According to The New York Times, high-frequency trading (HFT) - an algorithm-based method of trading where stocks are held for as little as a few seconds - is said to account on any given day for half of all of the business transacted on the United States' stock markets. HFT is frequently regarded as disruptive for markets and is the subject matter of numerous debates, even among professionals, as reported in The Washington Post on October 25.

In Europe, the European Parliament adopted, during its plenary session held on October 26, draft rules on HFT, as part of the vote on the updated market in financial instruments directive and regulation (MIFID/MIFIR). MIFID governs investment products, investment service providers, regulated markets, multilateral trading facilities (MTFs), and organized trading facilities (OTFs). The uniform rules on trading would apply to almost all financial instruments such as bonds, structured finance products, or derivatives that can be traded on regulated markets, MTFs, or OTFs. Members of the European Parliament (MEPs) decided that OTFs should be reserved for non-equities (derivatives or bonds), in order to bring them under the new rules. Under the new rules, all market players and trading venue operators would be required to lay down transparent rules and procedures for executing orders efficiently and for determining which financial instruments may be traded via their systems. They should also be properly prepared to cope with disruptions of these systems.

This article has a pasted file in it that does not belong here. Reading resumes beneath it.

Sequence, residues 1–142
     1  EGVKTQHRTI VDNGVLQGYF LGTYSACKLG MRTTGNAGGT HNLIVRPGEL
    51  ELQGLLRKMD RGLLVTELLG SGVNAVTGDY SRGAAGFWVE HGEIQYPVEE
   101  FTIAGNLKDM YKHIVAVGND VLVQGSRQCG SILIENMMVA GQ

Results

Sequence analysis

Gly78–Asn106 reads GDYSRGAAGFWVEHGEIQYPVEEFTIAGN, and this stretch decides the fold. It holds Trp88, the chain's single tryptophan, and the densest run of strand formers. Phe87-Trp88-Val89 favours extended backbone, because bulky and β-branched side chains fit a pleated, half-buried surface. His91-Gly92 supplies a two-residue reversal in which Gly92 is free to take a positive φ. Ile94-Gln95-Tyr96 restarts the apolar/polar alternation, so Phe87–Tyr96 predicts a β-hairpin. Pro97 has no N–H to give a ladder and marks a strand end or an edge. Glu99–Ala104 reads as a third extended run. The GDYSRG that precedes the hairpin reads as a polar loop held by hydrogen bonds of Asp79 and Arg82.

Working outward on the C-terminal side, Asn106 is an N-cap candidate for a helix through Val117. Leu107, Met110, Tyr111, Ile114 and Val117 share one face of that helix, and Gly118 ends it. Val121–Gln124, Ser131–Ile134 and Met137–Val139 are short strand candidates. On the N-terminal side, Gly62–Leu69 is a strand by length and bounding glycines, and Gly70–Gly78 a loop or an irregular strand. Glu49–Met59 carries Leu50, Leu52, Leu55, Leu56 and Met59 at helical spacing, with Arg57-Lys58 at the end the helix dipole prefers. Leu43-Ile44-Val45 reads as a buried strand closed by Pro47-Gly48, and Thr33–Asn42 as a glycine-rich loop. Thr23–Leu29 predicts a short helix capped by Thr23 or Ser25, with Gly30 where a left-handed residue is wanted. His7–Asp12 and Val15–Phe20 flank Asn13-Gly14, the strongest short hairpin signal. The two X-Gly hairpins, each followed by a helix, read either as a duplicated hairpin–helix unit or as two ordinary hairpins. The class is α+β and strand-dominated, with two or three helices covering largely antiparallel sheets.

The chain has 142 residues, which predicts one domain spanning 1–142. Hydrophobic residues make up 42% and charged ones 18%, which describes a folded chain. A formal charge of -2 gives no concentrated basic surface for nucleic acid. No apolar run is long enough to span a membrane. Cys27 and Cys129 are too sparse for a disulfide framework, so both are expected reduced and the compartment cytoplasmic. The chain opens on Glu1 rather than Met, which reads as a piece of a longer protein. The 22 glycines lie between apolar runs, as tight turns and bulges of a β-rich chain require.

MEPs also tightened up the Commission's proposal on high-frequency algorithmic trading by voting provisions to ensure that all orders are valid for at least 500 milliseconds, i.e. must not be cancelled or modified during that time. All firms and trading venues would also have to ensure that trading venues are able to cope with sudden surges in orders or market stresses, and have "circuit breakers" in place to suspend trading if necessary.

The European Parliament vote took place only days after the release by the British government on October 22 of a report entitled The Future of Computer Trading in Financial Markets, which found no direct evidence that HFT increased volatility of the markets, nor did it find evidence to suggest it has led to an increase in market abuse. It did find, however, that the rise of HFT has "greater potential for periodic illiquidity" or occasions when trading dries up.